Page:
Costco Hit by Card Skimming Attack Heading Into Holiday Season

Costco, one of the world’s largest retailers, has warned customers that they may have had bank card details stolen, following reports that payment card skimming devices were discovered at Costco warehouses.

“If unauthorized parties were able to remove information from the device before it was discovered, they may have acquired the magnetic stripe of your payment card, including your name, card expiration date, and CVV,” Kevin Green, VP Midwest region operations at Costco, wrote in a letter to potentially affected customers.

The letter, dated November 5, 2021, was uploaded to Documentcloud by Bleeping Computer.

The letter offers customers who may have been affected free credit monitoring from IDX for 12 months, but provides no further details on the device itself, nor the period in which it was operational. 

It was discovered “as a result of regular pin pad inspections conducted by Costco personnel.” It was therefore potentially operational for any part of the period between this and the previous inspection. Fox Business reports that a total of five skimmers were found in four different Chicago-area warehouses during pin pad inspections at the end of August. 

“The data that the attacker can obtain from the magnetic strip on a card actually depends on the card itself. While things like the credit card number, full name, expiration, and country code is universal, other cards can contain additional information like billing address or rewards account numbers,” comments Randy Watkins, CTO at managed detection and response firm Critical Start.

Armen Najarian, chief identity officer at Outseer, warns that we can expect to see a growth in such attacks as we get closer to the holiday season – a threat made worse by staff shortages cause by the pandemic. “As we head into the holiday season, hackers and other bad actors will target retailers made vulnerable by short staffing and high transaction volumes,” he said. 

“All of this, unfortunately, will be amplified this year as pandemic-induced labor shortages reach unprecedented levels. If retailers want to keep their customers safe and happy this holiday season, they need to prioritize payment authentication software for in-store and online transactions alike.”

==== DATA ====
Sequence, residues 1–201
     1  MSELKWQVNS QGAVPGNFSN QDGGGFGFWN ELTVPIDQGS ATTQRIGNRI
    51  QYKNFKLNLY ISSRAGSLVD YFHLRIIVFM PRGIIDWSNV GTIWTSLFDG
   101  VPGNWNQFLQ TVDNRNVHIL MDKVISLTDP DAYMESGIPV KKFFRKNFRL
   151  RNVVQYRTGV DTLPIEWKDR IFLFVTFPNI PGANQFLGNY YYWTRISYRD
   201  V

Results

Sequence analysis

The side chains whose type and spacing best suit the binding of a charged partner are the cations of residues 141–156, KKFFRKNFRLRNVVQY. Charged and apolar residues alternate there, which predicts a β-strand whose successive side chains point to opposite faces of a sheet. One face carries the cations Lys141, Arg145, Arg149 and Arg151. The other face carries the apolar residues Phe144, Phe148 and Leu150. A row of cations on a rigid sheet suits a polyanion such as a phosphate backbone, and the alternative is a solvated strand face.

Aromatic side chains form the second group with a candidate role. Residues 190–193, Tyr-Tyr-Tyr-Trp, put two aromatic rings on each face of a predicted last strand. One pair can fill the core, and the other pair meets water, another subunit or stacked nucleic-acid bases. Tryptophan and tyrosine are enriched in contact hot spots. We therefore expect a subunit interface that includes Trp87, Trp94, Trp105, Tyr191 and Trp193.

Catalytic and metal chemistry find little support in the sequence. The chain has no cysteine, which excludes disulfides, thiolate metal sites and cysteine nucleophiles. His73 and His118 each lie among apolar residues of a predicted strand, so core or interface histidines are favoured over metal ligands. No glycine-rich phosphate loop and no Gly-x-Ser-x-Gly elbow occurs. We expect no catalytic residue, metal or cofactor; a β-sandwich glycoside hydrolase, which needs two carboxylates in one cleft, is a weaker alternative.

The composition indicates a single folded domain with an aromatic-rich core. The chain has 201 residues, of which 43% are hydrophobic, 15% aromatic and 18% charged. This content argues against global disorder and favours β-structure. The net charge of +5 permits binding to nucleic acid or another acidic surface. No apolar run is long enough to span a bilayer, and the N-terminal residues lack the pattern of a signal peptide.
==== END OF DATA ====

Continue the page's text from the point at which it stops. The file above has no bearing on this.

Such physical attacks only affect the users of the compromised devices and should not be confused with the software skimming technique of a Magecart attack.  At Black Hat Europe on November 10, 2021, external attack surface management firm Cyberpion announced the possibility of a new wave of Magecart attacks. It analyzed more than 30,000 Magecart vulnerabilities over the last two years and found that more than 10,000 are still active. 

“There were also severe lapses in enterprises disclosing security vulnerabilities or exploits occurring along their digital supply chains to their customers, ultimately placing all connected organizations at severe risk of a critical breach.”

Magecart is the common name for a style of cyber attack used by multiple threat actors. Hackers compromise third party code (typically JavaScript that runs in browsers) to steal, or scrape, information such as credit card data from web-applications (for example, online checkout software) or websites that incorporate the code. Big name victims of such attacks include British Airways and Ticketmaster in 2018, Forbes magazine in 2019, plus local US government portals and messaging service Telegram 2020.

“Our conclusion from the analysis is that as of today, organizations fail to face Magecart threats and detect the vulnerabilities and exploits that hackers leverage to conduct these attacks,” said Cyberpion CEO Nethanel Gelernter. “Victims are often the last to know as it’s only later that organizations find that their data was sold or exploited, with the problem extending beyond any single vendor or client relationship. For enterprises in particular, Magecart attacks pose a significant challenge because it is problematic to set up a solution at scale.”

Related: Online Retailers Ill-Prepared for Holiday Season

Related: Hackers Favoring Shimmers Over Skimmers for ATM Attacks

Related: Hunting for Magecart With

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Kevin Townsend is a Senior Contributor at SecurityWeek. He has been writing about high tech issues since before the birth of Microsoft. For the last 15 years he has specialized in information security; and has had many thousands of articles published in dozens of different magazines – from The Times and the Financial Times to current and long-gone computer magazines.

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